General principles


The main concept of cerbere is that each data acquisition corresponds to a well-known observation or sampling pattern, referred to as data model or feature. The package provides a set of classes implementing each data model, independent from the way the data are stored on disk or into a database (therefore storage format and structure). Storage (or mapper) classes are used to map the content of a file to the corresponding feature (e.g. the content of a grid file to a grid feature).

We assume indeed there is no practical reason why data corresponding to the same sampling pattern (or structure) would be represented differently. Having a set of predefined template for each feature type allows to write for once all usual generic operations such as display, extraction of values, remapping or resampling, saving to the same format conventions,...

Currently managed features include :

  • Grid
  • Swath
  • Image
  • GridTimeSeries
  • Trajectory
  • PointTimeSeries


cerbere clearly separates the content from the format:
  • content typing : data structure or memory representation of the data, which should be unique for each feature, described in more details in Data Model. This corresponds to the datamodel package.
  • storage format : the way the above structure is stored/mapped on file, which can be very different and exotic, described in more details in Storage. This corresponds to the mapper package.


the mapper package can be used independently, as a unified API to read the content from any data file.

The datamodel requires the usage of the mapper package to read or write the data into/from a datamodel object.

Using the mapper package

The following section describes the basic operations you can perform with cerbere to handle Earth Observation data files with mapper package. This package can be seen as a unified API to access any data file content, whatever the format. There is one mapper class per data format.

Reading data from a file

A mapper class must be available for the considered file. Generic mapper classes are available, for instance NCFile for CF compliant NetCDF files.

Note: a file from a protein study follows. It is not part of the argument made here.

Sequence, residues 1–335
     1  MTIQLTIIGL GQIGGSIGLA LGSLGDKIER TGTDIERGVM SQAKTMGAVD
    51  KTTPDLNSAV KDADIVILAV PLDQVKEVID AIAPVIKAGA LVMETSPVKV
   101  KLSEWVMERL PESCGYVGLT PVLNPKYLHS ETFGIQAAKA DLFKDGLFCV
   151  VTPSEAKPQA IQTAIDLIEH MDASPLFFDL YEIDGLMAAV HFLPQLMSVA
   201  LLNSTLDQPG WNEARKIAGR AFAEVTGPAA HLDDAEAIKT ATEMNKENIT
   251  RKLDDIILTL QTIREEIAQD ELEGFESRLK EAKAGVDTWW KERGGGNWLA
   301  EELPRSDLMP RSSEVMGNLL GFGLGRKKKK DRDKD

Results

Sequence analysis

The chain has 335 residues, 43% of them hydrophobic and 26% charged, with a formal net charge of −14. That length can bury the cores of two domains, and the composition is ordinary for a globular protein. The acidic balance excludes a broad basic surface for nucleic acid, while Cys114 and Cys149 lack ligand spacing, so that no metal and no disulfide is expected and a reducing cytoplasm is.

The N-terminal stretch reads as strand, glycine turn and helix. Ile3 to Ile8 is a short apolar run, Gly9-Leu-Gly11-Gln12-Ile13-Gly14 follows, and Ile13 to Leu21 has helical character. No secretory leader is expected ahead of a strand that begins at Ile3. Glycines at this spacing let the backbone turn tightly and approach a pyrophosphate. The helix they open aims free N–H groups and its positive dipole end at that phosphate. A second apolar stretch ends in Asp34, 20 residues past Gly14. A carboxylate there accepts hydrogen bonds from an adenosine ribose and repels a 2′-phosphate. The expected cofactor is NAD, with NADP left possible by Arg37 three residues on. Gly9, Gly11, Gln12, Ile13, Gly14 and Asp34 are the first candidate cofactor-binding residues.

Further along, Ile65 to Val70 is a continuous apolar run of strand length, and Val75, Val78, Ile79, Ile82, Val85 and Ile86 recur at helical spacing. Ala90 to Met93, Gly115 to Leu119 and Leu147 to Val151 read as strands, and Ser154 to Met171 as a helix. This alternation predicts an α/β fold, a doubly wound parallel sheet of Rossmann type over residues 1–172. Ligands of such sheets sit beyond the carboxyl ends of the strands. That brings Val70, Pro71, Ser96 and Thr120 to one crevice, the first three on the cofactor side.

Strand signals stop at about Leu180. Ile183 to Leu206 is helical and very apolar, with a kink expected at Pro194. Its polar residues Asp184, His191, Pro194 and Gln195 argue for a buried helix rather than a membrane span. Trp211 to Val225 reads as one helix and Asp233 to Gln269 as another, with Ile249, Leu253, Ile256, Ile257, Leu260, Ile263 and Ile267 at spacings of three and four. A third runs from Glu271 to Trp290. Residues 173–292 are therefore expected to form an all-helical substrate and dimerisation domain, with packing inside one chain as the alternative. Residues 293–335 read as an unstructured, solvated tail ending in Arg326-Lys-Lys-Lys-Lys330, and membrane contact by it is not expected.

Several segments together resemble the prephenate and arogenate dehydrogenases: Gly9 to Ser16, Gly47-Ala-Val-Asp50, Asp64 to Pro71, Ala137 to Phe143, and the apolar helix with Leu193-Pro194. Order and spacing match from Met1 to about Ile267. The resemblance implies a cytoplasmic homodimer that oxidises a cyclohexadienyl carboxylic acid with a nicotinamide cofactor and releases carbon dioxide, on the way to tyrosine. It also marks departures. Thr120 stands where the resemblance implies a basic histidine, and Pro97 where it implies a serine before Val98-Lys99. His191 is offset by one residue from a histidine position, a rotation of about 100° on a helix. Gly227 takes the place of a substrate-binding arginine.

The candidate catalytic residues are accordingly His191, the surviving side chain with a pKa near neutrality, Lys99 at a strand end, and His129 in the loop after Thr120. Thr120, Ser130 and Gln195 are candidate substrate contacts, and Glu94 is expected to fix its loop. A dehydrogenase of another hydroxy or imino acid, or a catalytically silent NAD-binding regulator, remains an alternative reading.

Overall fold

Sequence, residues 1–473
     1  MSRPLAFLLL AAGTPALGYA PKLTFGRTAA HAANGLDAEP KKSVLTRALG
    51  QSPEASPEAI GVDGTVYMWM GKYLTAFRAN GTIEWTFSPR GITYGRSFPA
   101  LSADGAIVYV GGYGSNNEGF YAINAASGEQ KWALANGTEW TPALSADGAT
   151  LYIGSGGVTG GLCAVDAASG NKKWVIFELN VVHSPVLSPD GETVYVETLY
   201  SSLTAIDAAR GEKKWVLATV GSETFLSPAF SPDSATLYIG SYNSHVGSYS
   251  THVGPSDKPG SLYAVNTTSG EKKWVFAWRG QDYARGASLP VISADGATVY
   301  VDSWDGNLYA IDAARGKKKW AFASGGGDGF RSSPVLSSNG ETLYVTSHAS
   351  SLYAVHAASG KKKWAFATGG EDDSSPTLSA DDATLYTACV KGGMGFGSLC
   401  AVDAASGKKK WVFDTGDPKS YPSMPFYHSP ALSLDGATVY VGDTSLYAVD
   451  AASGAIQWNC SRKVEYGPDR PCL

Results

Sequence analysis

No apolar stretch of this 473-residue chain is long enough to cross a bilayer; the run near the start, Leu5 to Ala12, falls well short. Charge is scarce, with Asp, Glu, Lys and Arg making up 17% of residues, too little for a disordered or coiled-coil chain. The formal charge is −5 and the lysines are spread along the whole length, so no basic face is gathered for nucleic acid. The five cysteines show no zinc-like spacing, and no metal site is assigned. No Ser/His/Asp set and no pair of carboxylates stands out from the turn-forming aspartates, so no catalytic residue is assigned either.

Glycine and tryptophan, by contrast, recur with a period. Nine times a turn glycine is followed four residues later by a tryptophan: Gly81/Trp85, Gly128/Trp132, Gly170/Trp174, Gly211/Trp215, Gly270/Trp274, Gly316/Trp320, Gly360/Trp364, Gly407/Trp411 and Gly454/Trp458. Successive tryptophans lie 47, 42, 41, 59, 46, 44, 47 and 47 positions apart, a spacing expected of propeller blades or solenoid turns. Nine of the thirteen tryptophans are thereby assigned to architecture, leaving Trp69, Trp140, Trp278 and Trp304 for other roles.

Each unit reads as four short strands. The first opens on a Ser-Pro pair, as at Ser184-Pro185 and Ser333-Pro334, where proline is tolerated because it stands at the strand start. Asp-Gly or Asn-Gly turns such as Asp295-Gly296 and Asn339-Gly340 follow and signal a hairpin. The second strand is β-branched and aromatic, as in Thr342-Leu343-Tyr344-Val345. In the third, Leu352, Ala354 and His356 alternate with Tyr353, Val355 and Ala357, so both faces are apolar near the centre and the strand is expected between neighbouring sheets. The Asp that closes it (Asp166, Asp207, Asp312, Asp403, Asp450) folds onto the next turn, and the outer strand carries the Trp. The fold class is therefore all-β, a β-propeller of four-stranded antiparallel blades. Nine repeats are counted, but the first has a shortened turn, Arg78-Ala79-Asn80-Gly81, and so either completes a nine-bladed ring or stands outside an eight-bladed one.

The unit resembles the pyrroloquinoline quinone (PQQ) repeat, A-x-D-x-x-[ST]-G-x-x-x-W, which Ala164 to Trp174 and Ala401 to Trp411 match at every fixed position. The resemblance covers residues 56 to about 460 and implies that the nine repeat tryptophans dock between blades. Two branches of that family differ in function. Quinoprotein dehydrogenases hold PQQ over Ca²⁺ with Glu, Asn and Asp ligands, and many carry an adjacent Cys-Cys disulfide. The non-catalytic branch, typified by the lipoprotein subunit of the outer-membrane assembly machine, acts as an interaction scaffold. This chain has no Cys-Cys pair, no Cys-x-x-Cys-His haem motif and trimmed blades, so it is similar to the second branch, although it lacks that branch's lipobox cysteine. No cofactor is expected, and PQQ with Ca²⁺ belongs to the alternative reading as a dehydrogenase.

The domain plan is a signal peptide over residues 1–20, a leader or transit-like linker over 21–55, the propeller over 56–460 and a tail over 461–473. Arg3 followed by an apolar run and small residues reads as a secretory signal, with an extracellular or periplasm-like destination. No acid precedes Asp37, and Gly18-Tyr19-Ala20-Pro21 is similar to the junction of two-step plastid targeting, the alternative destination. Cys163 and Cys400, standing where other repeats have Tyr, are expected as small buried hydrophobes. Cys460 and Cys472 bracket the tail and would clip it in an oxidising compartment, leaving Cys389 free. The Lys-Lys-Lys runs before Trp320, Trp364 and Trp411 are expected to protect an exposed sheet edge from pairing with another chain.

If no mapper class exists for a particular format, a new corresponding mapper class must be written.

The complete list of existing mappers, and their compatibility with known datasets is listed in Built-in mappers.

To read data from a file, first instantiate a mapper object of the corresponding class, specifying the path to this file in the url argument:

>>> import mapper.ncfile
>>> ncf = mapper.ncfile.NCFile(url="./test/")


This does not open the file. The file must be explicitly opened with open() function:


A mapper provides a set of methods to inspect the content of a file. They allow to retrieve information from a file in the same way whatever its format.

Get the list of fields in a file (all but the geolocation fields) with get_fieldnames:

>>> f.get_fieldnames()

Get the dimensions (like in netCDF) of a file (Note that the geolocation dimension names returned are standardized):


Get the dimensions (like in netCDF) of a particular field:


Get the size of a dimension (standard names can be used for geolocation dimensions):

f.get_dimsize('row')    # standard dimension name
f.get_dimsize('ni')     # equivalent native name

Get a field and display it:

field = f.read_field('sea_surface_temperature')
print field


Fields are similar to variables in netcdf. A field consists of :
  • an attached variable describing the geophysical quantity provided by the field (together with a few descriptive attributes such standard name, etc...)
  • attributes further documenting the provided observation values (units,...) similar to the variable attributes in netCDF
  • an array of values (observations)
  • an optional array of quality flags (one for each observation value)
  • an optional array of quality history (one for each observation value) documenting the reason why a value was flagged

Get the list of field attributes, as a dictionary:

attr = read_field_attributes('sea_surface_temperature')
print attr

Get the list of global attributes:

attr = f.read_global_attributes()
print attr

Then instantiate a data model class object and load the above mapper object. The data model object is now initialized with the content of the above file :

>>> import datamodel.trajectory
>>> traj = datamodel.trajectory.Trajectory()
>>> traj.load(ncf)

Saving data

Extracting sub-features